DVT in Pregnancy – How a Pneumatic Compression Device Can Help Prevent Blood Clots
What is DVT?
Deep vein thrombosis (DVT) is a blood clot that develops in the leg, thigh, or pelvis. Pregnant women are 5-10 times more likely to develop DVT then non-pregnant women. Post birth women are up to 20 times more likely to develop DVT in the 3 weeks following delivery.
Blood clots are a scary thing. On average 274 people A DAY die from blood clots. That’s about 1 person every 5 minutes. Luckily there are ways to help prevent them. Look for any signs and symptoms early. Symptoms of DVT in pregnant women and post par-tum can include :
- A very painful or heavy feeling in your leg. It has been described as the feeling of a pulled muscle.
- Unusual softness or warmth in your leg or calf
- Slight to severe swelling
If the blood clot has moved to your lungs and you have PE, you may experience:
- Chest pain
- Unexplained shortness of breath
- Coughing up blood
- Rapid heartbeat and breathing rate
How to know if you are high risk for DVT in Pregnancy. Here are some of the biggest high risk signs :
Factors that can increase your risk for DVT during pregnancy are:
- You have a history of clots or DVT
- Your family has a history of blood clots
- You are over 35 years old
- You are overweight (Not just from the new baby)
- You are expecting twins or more then 1 baby
- You went through fertility treatment to get pregnant
- You had a C-Section recently or in the past
- You sit still often or are on bed rest
- Your a smoker
- You have high blood pressure, hypertension or diabetes
- You have severe varicose veins
How to prevent DVT from developing :
The #1 thing to prevent blood clots from happening during or post pregnancy is to keep moving. For example :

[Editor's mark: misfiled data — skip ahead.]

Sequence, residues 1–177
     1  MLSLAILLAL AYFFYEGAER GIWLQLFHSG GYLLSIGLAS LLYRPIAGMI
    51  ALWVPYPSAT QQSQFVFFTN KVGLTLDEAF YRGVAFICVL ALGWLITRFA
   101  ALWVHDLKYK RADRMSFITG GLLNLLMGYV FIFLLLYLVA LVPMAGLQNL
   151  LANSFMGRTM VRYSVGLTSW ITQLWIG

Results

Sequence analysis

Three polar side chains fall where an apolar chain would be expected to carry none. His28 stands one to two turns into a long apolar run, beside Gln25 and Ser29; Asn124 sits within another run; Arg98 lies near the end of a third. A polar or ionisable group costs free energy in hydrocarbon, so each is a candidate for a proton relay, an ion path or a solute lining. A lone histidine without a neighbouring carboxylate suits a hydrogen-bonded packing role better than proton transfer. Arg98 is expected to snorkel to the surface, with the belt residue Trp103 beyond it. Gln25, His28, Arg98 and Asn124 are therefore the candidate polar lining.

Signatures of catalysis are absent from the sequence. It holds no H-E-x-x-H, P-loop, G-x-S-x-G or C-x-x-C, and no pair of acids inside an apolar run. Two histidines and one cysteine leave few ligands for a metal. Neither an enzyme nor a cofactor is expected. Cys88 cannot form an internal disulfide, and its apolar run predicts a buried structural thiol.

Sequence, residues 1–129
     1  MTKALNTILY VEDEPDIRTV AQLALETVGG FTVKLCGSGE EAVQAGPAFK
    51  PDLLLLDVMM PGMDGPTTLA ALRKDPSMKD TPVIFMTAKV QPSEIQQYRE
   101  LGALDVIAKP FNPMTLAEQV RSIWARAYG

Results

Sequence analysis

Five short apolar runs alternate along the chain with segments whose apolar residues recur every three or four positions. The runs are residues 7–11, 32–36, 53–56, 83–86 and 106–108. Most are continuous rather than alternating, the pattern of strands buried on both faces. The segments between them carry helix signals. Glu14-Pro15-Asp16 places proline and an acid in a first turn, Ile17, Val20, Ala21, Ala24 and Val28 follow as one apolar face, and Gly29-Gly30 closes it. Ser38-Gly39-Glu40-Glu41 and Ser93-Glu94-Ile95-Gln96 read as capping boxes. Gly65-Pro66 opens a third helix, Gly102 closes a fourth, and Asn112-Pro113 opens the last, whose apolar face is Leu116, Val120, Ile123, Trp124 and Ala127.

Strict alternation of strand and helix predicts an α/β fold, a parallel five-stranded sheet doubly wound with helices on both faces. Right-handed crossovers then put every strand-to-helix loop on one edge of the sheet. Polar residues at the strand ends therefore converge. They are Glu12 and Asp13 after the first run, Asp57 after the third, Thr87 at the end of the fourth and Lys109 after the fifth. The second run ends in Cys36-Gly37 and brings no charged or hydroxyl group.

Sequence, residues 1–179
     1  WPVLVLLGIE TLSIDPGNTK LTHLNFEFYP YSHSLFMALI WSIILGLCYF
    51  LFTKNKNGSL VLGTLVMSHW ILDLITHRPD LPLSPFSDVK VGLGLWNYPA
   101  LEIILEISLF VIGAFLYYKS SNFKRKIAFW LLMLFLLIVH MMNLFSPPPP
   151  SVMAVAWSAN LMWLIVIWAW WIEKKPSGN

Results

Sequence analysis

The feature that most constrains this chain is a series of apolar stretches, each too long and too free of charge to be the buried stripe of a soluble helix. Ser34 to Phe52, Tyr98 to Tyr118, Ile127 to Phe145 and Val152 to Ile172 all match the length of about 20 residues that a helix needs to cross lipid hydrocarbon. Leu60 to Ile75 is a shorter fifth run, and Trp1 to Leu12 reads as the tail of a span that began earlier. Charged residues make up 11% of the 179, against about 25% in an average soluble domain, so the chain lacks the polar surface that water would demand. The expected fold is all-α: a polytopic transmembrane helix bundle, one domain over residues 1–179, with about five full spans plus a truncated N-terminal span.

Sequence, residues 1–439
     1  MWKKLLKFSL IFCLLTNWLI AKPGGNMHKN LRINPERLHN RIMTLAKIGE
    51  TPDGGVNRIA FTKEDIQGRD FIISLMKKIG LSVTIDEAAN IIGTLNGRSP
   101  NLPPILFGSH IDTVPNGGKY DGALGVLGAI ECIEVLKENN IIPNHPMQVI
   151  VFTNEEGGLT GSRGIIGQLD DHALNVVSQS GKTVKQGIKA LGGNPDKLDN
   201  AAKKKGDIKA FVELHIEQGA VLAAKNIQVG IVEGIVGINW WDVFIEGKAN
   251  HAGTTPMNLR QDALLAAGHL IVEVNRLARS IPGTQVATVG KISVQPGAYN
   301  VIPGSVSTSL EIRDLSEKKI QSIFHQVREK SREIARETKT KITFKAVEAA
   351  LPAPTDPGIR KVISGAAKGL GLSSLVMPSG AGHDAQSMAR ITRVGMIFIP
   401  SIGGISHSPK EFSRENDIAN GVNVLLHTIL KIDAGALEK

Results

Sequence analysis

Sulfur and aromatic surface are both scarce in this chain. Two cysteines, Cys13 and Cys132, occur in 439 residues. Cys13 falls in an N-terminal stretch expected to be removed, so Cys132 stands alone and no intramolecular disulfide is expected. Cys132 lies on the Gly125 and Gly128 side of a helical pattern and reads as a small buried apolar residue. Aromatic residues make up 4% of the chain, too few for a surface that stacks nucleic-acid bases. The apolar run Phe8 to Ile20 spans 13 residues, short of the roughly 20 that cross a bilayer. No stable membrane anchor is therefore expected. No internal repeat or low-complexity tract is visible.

- Get plenty of exercise – No this doesn’t mean heavy weight training. Doing yoga, aerobics and other pregnancy safe exercises are just fine.
- Walking and stretching after sitting for a long time. If you are working during pregnancy (or binge watching Netflix) make sure to get up and move every couple hours.
- Move while you are sitting – Move your legs up and down and your toes. DVT develops 80% of the time in your left leg.
- Wearing support compression hose will also help from DVT developing in your legs.
Get an Intermittent Pneumatic Compression Device (IPC)
What is an IPC?
Intermittent pneumatic compression (IPC) devices are used to help prevent blood clots in the deep veins of the legs. The IPC devices use cuffs around your legs that fill up with air and and put pressure on your legs by squeezing them. This will increase the blood flow through the veins of your legs and help prevent blood clots. The process of squeezing and relaxing then repeats over and over. This compression will help your blood move better through your veins to your heart. IPC also increases the natural release of substances into your body and blood that help prevent clots. This process help your oxygen rich blood continue to flow through your body and is very effective in preventing DVT.